Bone, Paula F. Ferrell, O. Jones, Thomas M. Koehn, Daryl , January Kotler, Philip, and Armstrong, Gary Principles of Marketing 11th ed. Murphy, Patrick E. Rieck, Dean , October 1. Rose, Gregory M. Russell, J. Thomas, King, Karen W. Ronald Kleppner's Advertising Procedure 16th ed. Self-Regulatory Guidelines for Children's Advertising. Sirgy, M. Principles of this practice include:. The introduction of the statement reads in summary that values are the representation of the collective idea of desirable and morally correct conduct.

And that the values outlined in the document serve as the standard by which individuals measure their own actions and those of others including marketers. These values facilitate best practices when transacting business with the public and all involved. The Canadian Marketing Association also has a code of ethics and standards, which is a self-regulatory guideline for marketers. Though marketers are responsible for their marketing content, members of the CMA must abide the code.

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The principles of this code include:. Companies are aware that consumers are savvy and opinionated. So with this in mind, firms should create an ethically sound marketing plan and integrate it into all aspects of their marketing mix. While ethics and social responsibility are sometimes used interchangeably, there is a difference between the two terms.

Ethics tends to focus on the individual or marketing group decision, while social responsibility takes into consideration the total effect of marketing practices on society. Next, marketers should forecast the long-term effects of the decisions that pertain to those changes.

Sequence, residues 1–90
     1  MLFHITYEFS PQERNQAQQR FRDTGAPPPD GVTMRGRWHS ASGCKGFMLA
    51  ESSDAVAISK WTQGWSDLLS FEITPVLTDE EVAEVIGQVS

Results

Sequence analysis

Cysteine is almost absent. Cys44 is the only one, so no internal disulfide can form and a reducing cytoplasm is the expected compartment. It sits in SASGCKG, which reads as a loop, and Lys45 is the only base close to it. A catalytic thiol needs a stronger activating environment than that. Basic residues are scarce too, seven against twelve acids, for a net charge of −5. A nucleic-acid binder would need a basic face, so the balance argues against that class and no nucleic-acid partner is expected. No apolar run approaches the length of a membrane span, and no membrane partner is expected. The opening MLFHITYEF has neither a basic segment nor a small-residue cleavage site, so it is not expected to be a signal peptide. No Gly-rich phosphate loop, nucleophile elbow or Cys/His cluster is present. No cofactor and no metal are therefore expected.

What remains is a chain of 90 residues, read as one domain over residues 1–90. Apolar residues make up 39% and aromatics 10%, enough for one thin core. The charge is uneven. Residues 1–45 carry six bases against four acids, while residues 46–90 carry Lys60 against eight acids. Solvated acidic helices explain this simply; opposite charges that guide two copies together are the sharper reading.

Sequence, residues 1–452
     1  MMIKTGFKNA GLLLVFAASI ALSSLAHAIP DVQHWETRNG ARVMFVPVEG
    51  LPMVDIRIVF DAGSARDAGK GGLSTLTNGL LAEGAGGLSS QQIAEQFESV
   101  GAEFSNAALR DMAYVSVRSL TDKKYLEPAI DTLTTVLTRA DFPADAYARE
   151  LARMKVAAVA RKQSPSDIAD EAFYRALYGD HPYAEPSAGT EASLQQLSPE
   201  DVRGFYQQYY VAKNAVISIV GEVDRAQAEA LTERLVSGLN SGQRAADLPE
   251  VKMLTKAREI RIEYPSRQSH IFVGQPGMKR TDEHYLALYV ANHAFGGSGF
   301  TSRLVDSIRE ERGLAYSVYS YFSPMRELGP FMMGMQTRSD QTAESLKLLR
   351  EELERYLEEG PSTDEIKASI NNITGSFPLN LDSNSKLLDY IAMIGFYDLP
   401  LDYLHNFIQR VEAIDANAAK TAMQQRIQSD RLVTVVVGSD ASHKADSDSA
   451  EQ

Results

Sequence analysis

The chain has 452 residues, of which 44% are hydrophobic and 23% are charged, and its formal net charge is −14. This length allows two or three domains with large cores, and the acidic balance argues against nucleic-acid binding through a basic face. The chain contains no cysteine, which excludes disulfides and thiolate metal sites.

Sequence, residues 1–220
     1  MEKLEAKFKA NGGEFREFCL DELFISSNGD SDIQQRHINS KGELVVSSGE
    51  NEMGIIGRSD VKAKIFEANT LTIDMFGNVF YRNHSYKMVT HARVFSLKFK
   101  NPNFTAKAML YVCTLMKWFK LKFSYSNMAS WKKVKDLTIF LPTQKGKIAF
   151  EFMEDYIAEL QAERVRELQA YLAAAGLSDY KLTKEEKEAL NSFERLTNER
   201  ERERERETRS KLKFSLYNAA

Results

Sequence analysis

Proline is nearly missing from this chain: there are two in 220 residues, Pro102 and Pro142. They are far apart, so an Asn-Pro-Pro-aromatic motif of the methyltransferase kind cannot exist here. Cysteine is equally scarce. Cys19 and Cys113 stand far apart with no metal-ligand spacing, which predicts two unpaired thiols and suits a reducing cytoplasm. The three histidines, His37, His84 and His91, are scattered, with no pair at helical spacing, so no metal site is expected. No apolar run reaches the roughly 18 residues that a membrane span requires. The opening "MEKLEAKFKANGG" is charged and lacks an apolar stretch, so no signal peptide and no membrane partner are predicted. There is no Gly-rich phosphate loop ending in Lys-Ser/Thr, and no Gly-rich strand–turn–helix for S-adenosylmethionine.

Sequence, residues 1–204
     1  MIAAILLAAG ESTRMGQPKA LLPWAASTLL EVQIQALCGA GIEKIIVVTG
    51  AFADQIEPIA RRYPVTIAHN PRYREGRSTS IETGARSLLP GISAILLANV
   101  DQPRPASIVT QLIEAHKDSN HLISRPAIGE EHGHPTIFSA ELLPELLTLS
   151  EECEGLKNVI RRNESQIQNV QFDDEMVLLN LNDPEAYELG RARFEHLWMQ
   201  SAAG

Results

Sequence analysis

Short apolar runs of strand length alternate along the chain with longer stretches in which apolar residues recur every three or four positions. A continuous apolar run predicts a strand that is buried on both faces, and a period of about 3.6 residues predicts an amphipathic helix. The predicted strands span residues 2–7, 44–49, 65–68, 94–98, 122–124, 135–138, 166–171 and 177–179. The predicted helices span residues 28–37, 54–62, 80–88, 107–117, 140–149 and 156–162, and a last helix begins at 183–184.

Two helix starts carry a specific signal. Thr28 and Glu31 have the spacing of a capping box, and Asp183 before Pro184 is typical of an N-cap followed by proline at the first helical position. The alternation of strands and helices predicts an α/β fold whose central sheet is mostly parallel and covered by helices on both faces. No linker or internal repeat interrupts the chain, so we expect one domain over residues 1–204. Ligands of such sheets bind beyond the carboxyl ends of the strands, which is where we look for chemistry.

Bearing in mind that a company cannot satisfy the needs of an entire society, it best serves marketers to focus their most costly efforts on their target market, while being aware of the values of society as a whole. Five simple steps every marketer can take to create a sustainable socially responsible market plan are:.

Social conscious marketing addresses the shortcomings of traditional marketing practices and follows the philosophy of mindfulness and responsibility. This philosophy states according to Chron.

Social Responsibility & Ethics in Marketing

Below is the list of main aspects socially responsible marketing practice rely on. This socially responsible practice teaches that companies should base policies and operations on a consumer perspective. As an example, an over crowded website with lots of ads dumped onto it will be easily spotted if the marketers were to practice this method. Improving products and services in innovative manner improves the experience for users.

And improving marketing strategies, polices, and brand personality, on an ongoing basis will position your company as an innovative experience to be repeated and passed on. A company that produces valuable products and focuses on offering the customer great pricing, excellent experiences and great customer service will not have to resort to pushy sales tactics and gimmicks. Apple brand is famous for having people happily wait in line overnight to be first to own an upgraded product. A clearly defined corporate mission will help companies be clear about their plans, goals, and practices.

By putting the good of the community and associates over profit, companies will indeed see an increase in the number of consumers willing to pay premium prices for their products. Unlike traditional marketing focus, which was cost reduction and profit increase, socially responsible marketers are more focused on providing goods and services consumers want, gaining feedback for improvement and giving back to the communities that helped them become who they are.